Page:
One of the Joys of Maturity
The Old Guy's Garden Record
The idea for Senior Gardening came about from frequent postings I made about our garden on another web site I maintain. The idea was to create a place where folks could share garden lore via blogs and forums. While I'm still struggling a bit with the software that will eventually make that possible on senior-gardening.com, I thought I'd at least put up a record of our 2008 garden in part from those postings, loosely edited, from the other site.
November 19, 2007 - Soil Preparation and Seed Catalogs
The first snow hasn't arrived here yet in southwest central Indiana, but it's time to get started on our 2008 garden! We keep a fairly large and diverse garden, so getting an early start on soil preparation and plant starts is essential.
One of the most important fall chores in our region is applying lime to the garden. Lime "sweetens" the soil up to an ideal pH of around 6.8-7.0. In our neighborhood, liming is critical, as one of our neighbors is the Hoosier Energy Merom Generating Station, which seems to push the soil to the acid side at a rather accelerated rate. I generally use ground dolomitic limestone from our local TSC store, as the powdered version seems to work faster than the somewhat safer, pelletized kind.
I'm running a bit late on the garden already, as I usually get my garlic sets into the ground in October. But with the warm fall, I'm still okay on doing so. I get my garlic sets from Johnny's Selected Seeds, both regular or german garlic and elephant garlic, which is really part of the leek family. I've ordered from Johnny's for years and have found them to be a reputable provider of quality seeds, plants, and sets.
Once the liming is done and garlic sets are in, gardening chores move inside. Inventorying seed on hand and deciding what to keep and what to pitch is one of the more onerous jobs to be done, as I keep my extra seed frozen between seasons. Once done, I can get started perusing a variety of print and online seed catalogs.
Here's a listing of my favorite seed suppliers, pretty much in order of my preference:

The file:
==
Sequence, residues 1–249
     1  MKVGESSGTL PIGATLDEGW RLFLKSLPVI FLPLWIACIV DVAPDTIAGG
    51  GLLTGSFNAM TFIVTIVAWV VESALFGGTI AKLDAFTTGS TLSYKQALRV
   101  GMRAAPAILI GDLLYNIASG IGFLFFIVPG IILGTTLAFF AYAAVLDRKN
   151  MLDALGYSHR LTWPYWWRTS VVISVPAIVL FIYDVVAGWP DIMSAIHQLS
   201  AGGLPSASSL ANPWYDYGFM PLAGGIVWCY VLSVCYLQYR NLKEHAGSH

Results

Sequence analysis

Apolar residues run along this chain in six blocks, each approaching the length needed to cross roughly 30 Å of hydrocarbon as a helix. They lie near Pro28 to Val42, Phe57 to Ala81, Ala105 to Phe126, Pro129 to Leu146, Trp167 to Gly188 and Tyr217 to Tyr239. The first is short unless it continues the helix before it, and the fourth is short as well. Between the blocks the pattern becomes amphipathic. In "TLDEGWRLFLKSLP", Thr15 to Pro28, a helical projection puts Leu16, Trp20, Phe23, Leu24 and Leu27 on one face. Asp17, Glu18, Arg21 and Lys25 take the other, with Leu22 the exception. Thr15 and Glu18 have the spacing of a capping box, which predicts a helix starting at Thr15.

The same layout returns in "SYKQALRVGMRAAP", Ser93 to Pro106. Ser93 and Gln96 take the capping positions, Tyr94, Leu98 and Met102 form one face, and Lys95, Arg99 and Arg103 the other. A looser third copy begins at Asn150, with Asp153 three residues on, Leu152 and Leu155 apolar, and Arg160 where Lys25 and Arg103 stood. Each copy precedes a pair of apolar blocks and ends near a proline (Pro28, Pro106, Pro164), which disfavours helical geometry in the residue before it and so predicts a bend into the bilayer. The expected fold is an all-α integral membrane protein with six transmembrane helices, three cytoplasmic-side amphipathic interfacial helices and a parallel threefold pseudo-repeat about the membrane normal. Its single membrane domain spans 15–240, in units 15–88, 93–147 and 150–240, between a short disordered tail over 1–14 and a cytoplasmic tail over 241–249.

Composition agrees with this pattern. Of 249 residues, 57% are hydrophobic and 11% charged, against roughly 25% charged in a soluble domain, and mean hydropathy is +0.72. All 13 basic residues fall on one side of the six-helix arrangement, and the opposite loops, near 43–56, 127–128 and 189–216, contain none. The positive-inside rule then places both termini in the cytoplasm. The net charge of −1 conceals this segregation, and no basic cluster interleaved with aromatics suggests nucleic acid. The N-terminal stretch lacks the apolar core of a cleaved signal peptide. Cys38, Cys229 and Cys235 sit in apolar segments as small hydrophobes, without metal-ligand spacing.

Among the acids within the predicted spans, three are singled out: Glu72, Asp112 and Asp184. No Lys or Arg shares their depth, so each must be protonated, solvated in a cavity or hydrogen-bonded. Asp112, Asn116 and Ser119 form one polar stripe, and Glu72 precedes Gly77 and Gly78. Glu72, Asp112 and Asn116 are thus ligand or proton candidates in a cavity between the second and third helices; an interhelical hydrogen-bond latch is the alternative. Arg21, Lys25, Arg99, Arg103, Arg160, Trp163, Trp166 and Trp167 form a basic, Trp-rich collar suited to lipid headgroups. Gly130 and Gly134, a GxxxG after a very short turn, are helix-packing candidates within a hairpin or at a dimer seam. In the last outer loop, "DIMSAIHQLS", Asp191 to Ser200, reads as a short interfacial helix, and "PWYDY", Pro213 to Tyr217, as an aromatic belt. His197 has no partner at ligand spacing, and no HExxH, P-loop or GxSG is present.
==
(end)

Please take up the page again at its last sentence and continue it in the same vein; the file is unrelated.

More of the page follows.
One of our nicest surprises from our garden two years was a then new variety of pea, Eclipse. It's a very sweet pea and quite productive. We froze two bags (about 10# total) of peas that summer, and they were quickly gone. Katherine, our middle grandchild who lived with us at the time, absolutely loved them. When we'd put more on her plate, she'd squeal with glee and clap her hands.
February 27, 2008 - Starting Seeds
One way to beat the winter blues is to get some plants started inside to set out into the garden and flower beds when it warms up. It really doesn't take a lot to grow plant starts indoors, just a warm spot in a sunny windowsill or under a good shoplight. I started with petunias today, planting some trailing varieties for hanging pots and some bedding types. They're sitting under a clear plastic cover, as some require light to germinate, on a plant rack I built years ago. There's also a heat pad underneath to supply bottom heat, as my basement isn't all that warm. Tomorrow, I'll get some onions started. They're a chore to transplant, but growing your own transplants from seed is cheaper than buying onion plants, and you have more varieties to choose from in seed than from the plants offered in garden stores.
I still consult my venerable copy of Crockett's Victory Garden for guidance on when to plant what. Although all are long out of print, Crockett's Victory Garden, Crockett's Indoor Garden, and Crockett's Flower Garden are still the best volumes I have on gardening. Fortunately for others, they're still available used at a very reasonable prices through Amazon.
March 10, 2008 - Garden Update